CVT Opposes Proposed Asylum Restrictions in U.S. Senate Bill

In this release, CVT denounced proposals to restrict asylum made by U.S. Senators after months-long, closed-door negotiations responding to President Biden’s supplemental funding request. The proposed changes would have a devastating impact on refugees and asylum-seekers and violate the U.S.’ international human rights obligations. “Having the right to apply for asylum should not be determined by something as random as what time of day you happen to arrive at the border,” said Alison Beckman, senior clinician for external relations. Elana Schwartzman, digital and direct mail fundraising specialist, sent out this action alert encouraging supporters to contact elected officials to oppose the bill.

CVT Hires Director of Research and Evaluation

CVT announced the hiring of Dr. Courtney Welton-Mitchell as director of research and evaluation, a role in which she will lead the team of globally based experts in advancing evidence-based research practices across the spectrum of CVT’s healing and human rights work. “I’m excited that Courtney will join our team,” said Emily Hutchinson. “She brings deep knowledge of best research practices, not only related to effective mental health care, but also to interventions we provide in the aftermath of armed conflict, torture and catastrophic events our clients face around the world.” Courtney has led multi-national teams, with a specialization in global traumatic stress and mental health related to complex crises. “Courtney is a true innovator in the field, and I’m thrilled that she is bringing her expertise to CVT,” Emily said.

CVT Opens New Projects to Serve Afghan Communities in the U.S.

For Afghan refugees who are new to the United States, CVT now has projects in two locations where we work closely with the community. In both locations, teams provide psychotherapy, social work and group support in projects named especially for the communities they serve, in the languages they speak: in Clarkston, Georgia, the project is called Arman, which means “hope” in Dari and Pashto. In St. Paul, Minnesota, the project is Raahat, which means “comfort” or “ease” in Pashto, Dari and Farsi. After coming for care, one client said, “This program was the best program for both health and relaxation.” Read more about CVT’s Arman project here and about the Raahat project here.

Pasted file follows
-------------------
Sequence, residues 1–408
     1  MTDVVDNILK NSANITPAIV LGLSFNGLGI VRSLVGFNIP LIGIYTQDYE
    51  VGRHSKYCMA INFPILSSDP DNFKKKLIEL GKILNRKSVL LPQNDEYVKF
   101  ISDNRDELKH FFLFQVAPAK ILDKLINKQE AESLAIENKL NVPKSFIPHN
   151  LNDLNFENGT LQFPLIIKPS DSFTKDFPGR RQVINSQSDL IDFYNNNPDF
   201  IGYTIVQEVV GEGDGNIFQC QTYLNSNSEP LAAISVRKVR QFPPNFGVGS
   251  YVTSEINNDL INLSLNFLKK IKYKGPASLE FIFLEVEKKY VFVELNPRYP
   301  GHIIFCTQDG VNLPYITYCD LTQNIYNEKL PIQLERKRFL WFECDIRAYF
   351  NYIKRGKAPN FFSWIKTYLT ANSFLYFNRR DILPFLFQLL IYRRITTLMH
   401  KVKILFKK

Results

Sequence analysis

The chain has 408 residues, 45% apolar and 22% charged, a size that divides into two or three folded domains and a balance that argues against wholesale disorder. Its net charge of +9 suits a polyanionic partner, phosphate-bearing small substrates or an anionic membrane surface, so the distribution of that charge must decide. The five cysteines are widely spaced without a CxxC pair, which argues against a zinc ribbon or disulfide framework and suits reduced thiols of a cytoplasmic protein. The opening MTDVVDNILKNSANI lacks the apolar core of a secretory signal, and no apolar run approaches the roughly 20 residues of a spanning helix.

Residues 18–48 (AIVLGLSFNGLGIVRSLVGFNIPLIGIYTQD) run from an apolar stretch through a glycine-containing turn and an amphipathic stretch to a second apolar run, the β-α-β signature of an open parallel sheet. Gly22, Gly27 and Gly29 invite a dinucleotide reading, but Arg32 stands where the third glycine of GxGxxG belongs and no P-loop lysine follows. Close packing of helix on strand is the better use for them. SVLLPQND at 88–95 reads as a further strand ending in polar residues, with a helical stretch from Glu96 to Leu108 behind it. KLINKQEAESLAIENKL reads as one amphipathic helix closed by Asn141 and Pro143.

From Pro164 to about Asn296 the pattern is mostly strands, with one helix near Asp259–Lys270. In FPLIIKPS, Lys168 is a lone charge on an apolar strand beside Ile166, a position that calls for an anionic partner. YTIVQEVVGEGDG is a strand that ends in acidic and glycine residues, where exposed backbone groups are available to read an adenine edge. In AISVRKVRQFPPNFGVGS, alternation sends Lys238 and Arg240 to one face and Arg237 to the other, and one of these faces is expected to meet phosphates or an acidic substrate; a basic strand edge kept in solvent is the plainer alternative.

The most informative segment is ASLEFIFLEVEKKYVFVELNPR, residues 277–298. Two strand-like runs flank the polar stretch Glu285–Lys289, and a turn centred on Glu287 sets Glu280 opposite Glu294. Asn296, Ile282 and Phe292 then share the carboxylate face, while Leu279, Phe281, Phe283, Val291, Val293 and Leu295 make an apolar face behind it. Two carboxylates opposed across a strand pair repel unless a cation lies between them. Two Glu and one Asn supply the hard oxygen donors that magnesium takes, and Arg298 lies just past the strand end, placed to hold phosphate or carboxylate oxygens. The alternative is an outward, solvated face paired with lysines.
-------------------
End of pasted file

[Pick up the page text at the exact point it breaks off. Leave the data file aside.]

This program was the best program for both health and relaxation.”

Client, Raahat project, St. Paul, Minnesota

In addition, in December the Arman team hosted a special event honoring Shab-e Yalda, or the Winter Solstice, a celebration in the Afghan community. Sharing the festivities can foster a sense of community and set a foundation for healing. Dr. Dawood Azeemy, Arman project lead, said, “We thought if we have this, then it might help them with their mental health improvement – that was our main objective.” Read about this event in this article: “Using the Darkest Night to Look Towards Light: Reflecting on Shab-e Yalda 2023.”

U.S. State of Alabama Uses Cruel Method of Execution

Dr. Simon Adams, president and CEO, was quoted in this article in Der Spiegel as the U.S. state of Alabama prepared to execute a prisoner using an untested and cruel method for this punishment. “Regardless of his crimes, he is still a human being trying to cope with the cruel and unusual punishment that the state of Alabama wants to inflict on him,” Simon said.

Building Support for Foreign-Born Workers in Georgia, U.S.

The Business & Immigration for Georgia (BIG) Partnership hosted a “Maximizing Global Talent” event, with a focus on ways to make opportunities available to foreign-born workers in the state of Georgia. Darlene Lynch, head of external relations for CVT Georgia, leads the BIG Partnership and participated in this event, which was attended by Georgia Secretary of State Brad Raffsenperger. He was quoted in this article by Sophia Quresh with 285 South, saying, “We need good talent, we need to find jobs for folks, because I know what they want to do. They want to work.” See photos from the event here.